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The one area where the Seahawks are being left behind by elite passing offenses

You probably already know what it is.

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Seattle Seahawks v Kansas City Chiefs Photo by Jason Hanna/Getty Images

I don’t think it’s too much of a secret that the Seattle Seahawks passing attack, while potent, relies a lot on explosive deep passes than generating explosives through short passes with yards after catch. They were no better than 23rd in yards after catch per reception in three seasons under Brian Schottenheimer, and struggled again in 2022 under Shane Waldron.

This article from Sumer Sports may be two months old but it’s probably new to you, and we’re in the dregs of the offseason and this is very much relevant content heading into the new season. This paragraph by author Tej Seth highlights a trend we’re seeing among NFL offenses.

Over the past couple of seasons, the way NFL passing offenses have generated their production has changed to match the schematic shift of defenses. Using expected points added (EPA) – a statistic that determines what the expected points of an offensive drive will be based on yard line, down, distance, and time remaining – we can see how the average EPA through the air and after the catch has changed per season. Yards after catch (YAC) EPA per dropback has continually risen while teams have coupled that with Air EPA declining (something that Robby Greerre has researched as well). This makes schematic sense as the rise of the Vic Fangio two-high safety structure predicated on taking away deep passes has continually risen through the league with disciples such as Brandon Staley spreading the defense across teams. Because of this, the ability to generate yards after the catch has become more important and may only become more valuable in football.

The Kansas City Chiefs, San Francisco 49ers, and Detroit Lions were the top three teams in EPA per pass attempt, and perhaps not coincidentally all of them had the highest yards after catch per dropback. As usual, the Seahawks were in the bottom-half.

In Sumer Sports’ data models, offensive coordinator Shane Waldron ranked second-to-last among offensive coordinators in YAC EPA added, while Geno Smith was second-to-last among quarterbacks in the same category. At a wide receiver level, DK Metcalf was one of the leading receivers in average depth of target and dead last in YAC EPA added. We know Metcalf is capable of YAC touchdowns such as the one below, but Seattle certainly hasn’t used him that way.

That’s not to say Waldron is a bad OC, or Geno is a bad QB, or DK is a bad receiver, but the Seahawks offense definitely does not function well when relying on YAC plays, and this includes the Russell Wilson years. I don’t need to tell you about the ongoing screen pass misadventures.

Personnel also matters. According to Pro Football Reference, Seahawks receivers were tied for second-fewest broken tackles with only 11. Deebo Samuel broke more than that by himself just in the regular season.

This is purely conjecture on my part absent a much larger data sample, but this may very well be a Pete Carroll philosophy conflicting with modern NFL football. He may see greater value getting 25 yards at the point of the catch instead of getting 25 yards with 15-20 coming after the catch. Russell Wilson and Geno Smith are prolific deep ball passers and Tyler Lockett, Doug Baldwin, and DK Metcalf have all been valuable downfield targets, so the offense is schemed accordingly.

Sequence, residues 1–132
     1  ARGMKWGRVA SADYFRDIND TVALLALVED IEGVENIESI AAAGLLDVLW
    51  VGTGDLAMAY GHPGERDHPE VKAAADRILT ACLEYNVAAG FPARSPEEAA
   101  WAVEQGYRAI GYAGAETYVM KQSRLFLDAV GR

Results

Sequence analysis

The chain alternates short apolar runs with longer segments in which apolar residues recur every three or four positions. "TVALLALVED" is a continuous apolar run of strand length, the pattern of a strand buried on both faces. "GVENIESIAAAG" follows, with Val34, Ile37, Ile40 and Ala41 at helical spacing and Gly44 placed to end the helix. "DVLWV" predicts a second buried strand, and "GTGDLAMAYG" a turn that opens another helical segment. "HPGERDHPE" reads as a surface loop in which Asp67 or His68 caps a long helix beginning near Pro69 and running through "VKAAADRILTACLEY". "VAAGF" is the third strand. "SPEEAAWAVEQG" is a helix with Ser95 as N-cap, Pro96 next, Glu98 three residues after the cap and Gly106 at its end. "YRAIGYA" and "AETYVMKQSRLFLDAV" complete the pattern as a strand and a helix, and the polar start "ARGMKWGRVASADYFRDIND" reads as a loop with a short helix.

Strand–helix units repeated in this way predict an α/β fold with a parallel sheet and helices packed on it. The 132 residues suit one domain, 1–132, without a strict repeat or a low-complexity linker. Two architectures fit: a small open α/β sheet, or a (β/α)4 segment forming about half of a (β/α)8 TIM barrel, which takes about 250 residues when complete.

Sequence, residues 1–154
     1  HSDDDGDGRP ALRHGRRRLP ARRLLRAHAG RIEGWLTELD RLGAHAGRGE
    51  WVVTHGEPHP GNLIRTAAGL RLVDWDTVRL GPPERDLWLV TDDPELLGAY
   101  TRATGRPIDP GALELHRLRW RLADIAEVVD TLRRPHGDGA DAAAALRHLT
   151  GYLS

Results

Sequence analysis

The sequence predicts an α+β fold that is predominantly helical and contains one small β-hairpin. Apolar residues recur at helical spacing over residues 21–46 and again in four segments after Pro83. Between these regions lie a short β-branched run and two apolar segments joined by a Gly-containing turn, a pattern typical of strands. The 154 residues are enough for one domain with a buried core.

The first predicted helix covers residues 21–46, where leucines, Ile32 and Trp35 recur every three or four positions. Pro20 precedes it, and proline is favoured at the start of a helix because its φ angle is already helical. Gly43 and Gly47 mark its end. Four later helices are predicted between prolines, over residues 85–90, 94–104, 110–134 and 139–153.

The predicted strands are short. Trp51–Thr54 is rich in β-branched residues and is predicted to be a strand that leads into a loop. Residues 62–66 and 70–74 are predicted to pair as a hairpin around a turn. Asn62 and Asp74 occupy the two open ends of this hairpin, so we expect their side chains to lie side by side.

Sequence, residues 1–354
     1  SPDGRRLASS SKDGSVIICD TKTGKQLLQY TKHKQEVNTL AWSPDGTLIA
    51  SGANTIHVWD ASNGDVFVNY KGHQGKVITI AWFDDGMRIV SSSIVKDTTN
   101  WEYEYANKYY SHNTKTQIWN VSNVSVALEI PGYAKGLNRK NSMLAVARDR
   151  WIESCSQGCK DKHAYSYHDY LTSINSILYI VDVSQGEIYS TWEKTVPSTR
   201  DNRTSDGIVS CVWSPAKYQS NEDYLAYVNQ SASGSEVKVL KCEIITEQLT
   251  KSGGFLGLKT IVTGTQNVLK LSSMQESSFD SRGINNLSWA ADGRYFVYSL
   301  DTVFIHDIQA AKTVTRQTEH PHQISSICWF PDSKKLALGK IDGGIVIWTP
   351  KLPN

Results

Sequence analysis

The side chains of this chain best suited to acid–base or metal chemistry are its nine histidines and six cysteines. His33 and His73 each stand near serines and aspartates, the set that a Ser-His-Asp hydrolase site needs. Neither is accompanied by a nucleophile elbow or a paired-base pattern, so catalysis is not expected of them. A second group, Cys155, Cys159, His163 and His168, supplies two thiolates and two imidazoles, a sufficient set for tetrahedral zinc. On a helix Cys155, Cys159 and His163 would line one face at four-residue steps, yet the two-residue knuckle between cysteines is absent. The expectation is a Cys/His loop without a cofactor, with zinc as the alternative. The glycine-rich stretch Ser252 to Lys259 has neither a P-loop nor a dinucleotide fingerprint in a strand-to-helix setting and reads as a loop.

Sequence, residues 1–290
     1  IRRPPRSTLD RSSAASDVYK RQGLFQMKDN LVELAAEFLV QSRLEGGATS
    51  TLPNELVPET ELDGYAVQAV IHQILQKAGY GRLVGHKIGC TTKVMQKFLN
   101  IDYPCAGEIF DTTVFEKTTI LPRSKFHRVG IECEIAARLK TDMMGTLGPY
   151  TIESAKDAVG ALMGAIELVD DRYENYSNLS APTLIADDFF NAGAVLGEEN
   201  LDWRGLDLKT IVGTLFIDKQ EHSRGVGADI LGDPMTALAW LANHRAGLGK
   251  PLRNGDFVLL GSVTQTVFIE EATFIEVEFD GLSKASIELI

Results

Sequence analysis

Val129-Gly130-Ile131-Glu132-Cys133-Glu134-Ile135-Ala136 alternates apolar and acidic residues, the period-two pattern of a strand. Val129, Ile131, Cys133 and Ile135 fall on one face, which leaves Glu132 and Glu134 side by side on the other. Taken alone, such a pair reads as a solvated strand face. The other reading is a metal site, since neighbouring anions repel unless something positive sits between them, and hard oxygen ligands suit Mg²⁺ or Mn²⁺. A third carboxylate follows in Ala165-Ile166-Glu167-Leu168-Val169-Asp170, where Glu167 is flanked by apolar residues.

On the other hand, YAC is an area the Seahawks have been getting shredded on both sides of the ball, which may call into question Seattle’s viewpoint towards YAC and explosive plays in general. What’s more repeatable over the course of a game: a 40+ yard pass over the top of the defense or a touchdown that looks like this?

This goes back to this paragraph from Tej:

As an offense, if you were told you would get 10 yards per completion with Option #1 being a completion that goes 9 air yards and 1 yard after the catch and Option #2 being a completion that goes 4 air yards and 6 yards after the catch, Option #2 should be the preferred choice. This is because, all other things equal, a 4 air yard pass has a 71% chance of being completed compared to a 9 air yard pass having a 60% chance and yards after the catch are dependent on that the pass being completed. Football isn’t always this black-and-white, but through the quarterback, play caller, and offensive weapons, we can see why these teams are generating yards after the catch and the efficient offense it’s leading to.

Frankly, I believe this also plays a role in why the Completion Percentage Over Expected (CPOE) for both Wilson and Smith under the Seahawks offense has historically been pretty damn high. Seattle gets a significant chunk of their passing yards through low-probability, high-reward completions and while it has worked to tremendous effect over the years, easiest completions turning into big gains continue to be a struggle for the Seahawks.

Hopefully the addition of Jaxon Smith-Njigba can open up the field a little more—the middle of the field, to be more specific—to create some diversity in the Seattle passing game that has been lacking regardless of who’s the QB and offensive coordinator. If they want to be an elite passing offense, they need more simple stuff and new ways to generate explosives besides just playing the classics until better defenses inevitably shut it down.